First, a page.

News Release

Why Initiative to Gut Calif. Environmental Law Failed


California’s Proposition 23 sought to suspend a 2006 law (AB 32) intended to reduce greenhouse gas emissions.

Available for a limited number of interviews, Cheng is a senior manager at the Cleantech Group, a research and advisory company focused on clean tech innovation. He is also a member of E2 (Environmental Entrepreneurs), a national community of individual business leaders who advocate for good environmental policy while building economic prosperity.

He said today: “California voters overwhelmingly looked ahead towards a clean energy future by voting down Prop 23. As a good barometer, I look to the smartest people in the room and learn from them. In this case, the ‘No on 23’ campaign recruited a large tent of Republicans and Democrats, capitalists and environmentalists to this cause. I look forward to the wave of innovation and jobs that will stem from California’s clean energy policies, most notably AB 32.”

Fahn is president of As You Sow and member of the board and past president of the Sierra Club. He said today: “California voters saw through the special interest deception and showed their determination that California remain a leader in the transformation to a clean energy future.” Fahn says he realized that the “No” side would likely prevail when the Palm Springs Desert Sun became the 50th California newspaper to publish a “No on 23” editorial, joining the L.A. Times, San Diego Union Tribune, San Francisco Chronicle, Sacramento Bee and most of the other major papers in the state.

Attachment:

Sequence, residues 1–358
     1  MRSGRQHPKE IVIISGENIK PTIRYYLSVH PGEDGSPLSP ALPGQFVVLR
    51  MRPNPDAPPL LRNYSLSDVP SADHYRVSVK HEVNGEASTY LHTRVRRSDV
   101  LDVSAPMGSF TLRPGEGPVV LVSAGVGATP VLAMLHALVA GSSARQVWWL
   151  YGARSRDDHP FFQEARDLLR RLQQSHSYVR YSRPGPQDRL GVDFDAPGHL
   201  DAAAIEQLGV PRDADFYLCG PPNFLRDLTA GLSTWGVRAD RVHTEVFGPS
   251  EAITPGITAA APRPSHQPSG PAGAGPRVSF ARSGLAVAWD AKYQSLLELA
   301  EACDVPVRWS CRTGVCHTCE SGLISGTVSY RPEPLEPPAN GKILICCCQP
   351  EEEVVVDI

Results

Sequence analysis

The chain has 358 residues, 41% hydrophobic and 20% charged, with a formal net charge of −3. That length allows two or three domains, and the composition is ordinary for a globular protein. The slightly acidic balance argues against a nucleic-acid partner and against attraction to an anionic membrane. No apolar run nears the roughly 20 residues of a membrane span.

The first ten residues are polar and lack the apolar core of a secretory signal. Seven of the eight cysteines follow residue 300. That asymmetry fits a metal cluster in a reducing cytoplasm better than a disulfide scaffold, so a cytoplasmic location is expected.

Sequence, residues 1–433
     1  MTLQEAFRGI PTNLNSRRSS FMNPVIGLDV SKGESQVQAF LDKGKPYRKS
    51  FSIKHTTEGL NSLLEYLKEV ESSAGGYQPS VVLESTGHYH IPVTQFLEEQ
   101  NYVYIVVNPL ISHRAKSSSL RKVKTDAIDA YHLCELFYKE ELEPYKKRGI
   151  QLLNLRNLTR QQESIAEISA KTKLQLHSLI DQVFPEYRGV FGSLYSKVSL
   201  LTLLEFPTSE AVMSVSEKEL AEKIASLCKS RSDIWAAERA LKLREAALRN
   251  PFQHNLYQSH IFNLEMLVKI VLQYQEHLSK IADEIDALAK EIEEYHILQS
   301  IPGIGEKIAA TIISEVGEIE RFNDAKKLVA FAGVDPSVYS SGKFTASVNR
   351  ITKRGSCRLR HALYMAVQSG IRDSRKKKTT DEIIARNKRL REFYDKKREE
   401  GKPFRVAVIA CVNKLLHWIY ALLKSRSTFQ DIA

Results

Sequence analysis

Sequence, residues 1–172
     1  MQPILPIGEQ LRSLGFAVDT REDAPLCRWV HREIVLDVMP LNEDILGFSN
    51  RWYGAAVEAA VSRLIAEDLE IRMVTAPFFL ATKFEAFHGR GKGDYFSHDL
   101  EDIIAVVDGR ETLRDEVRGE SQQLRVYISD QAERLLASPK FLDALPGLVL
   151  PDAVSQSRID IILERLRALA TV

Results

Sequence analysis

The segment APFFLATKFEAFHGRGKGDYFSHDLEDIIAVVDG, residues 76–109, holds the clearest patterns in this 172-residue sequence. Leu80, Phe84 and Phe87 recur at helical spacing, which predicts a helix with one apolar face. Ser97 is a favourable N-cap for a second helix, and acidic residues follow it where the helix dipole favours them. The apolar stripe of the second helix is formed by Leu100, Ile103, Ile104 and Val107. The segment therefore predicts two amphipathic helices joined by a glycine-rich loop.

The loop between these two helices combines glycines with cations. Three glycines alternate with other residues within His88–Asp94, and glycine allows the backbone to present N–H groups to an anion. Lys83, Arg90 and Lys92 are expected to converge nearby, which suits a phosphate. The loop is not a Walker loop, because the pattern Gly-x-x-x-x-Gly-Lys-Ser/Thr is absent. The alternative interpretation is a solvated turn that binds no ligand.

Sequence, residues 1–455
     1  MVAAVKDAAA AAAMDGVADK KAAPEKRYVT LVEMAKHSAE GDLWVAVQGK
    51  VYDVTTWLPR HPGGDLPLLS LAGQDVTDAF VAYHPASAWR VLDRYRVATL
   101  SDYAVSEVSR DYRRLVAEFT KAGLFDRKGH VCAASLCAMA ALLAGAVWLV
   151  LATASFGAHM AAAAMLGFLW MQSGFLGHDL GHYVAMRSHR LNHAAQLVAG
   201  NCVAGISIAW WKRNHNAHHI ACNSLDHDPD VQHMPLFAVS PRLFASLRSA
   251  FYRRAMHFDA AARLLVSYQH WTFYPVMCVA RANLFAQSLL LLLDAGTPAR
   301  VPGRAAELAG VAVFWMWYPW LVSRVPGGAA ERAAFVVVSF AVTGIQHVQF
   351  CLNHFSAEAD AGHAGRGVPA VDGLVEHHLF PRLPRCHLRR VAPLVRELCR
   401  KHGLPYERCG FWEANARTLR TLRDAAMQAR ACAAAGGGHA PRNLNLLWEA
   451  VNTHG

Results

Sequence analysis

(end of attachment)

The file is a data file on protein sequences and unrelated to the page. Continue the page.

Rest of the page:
Haptegeorgis is with the Ella Baker Center, which released a statement: “Early polling showed that many of California’s ethnic minority communities were more supportive of Prop. 23 than white voters, but polls released in late October showed a marked shift against the initiative. … Much credit may belong to a massive grassroots effort to educate voters of color … through door-knocking, phone calls, direct mail, radio ads and ethnic media outreach. The campaign was mounted by Communities United Against the Dirty Energy Proposition, a coalition of over 130 organizations representing low-income communities and people of color in California.”

Elsner is campaign director of Power Vote California. He said today: “The California Student Sustainability Coalition’s Power Vote Campaign united thousands of young Californians behind a creative grassroots campaign that exposed Big Oil’s dirty ploy, and mobilized thousands of voters to defeat it. The campaign partnered with student networks across the state to turn out the youth vote, worked with a community coalition to launch the Clean Energy Tour, a music tour merging arts and activism, and directly confronted oil interests bank-rolling the initiative, like the Koch brothers.”

For more information, contact at the Institute for Public Accuracy:
Sam Husseini, (202) 347-0020; or David Zupan, (541) 484-9167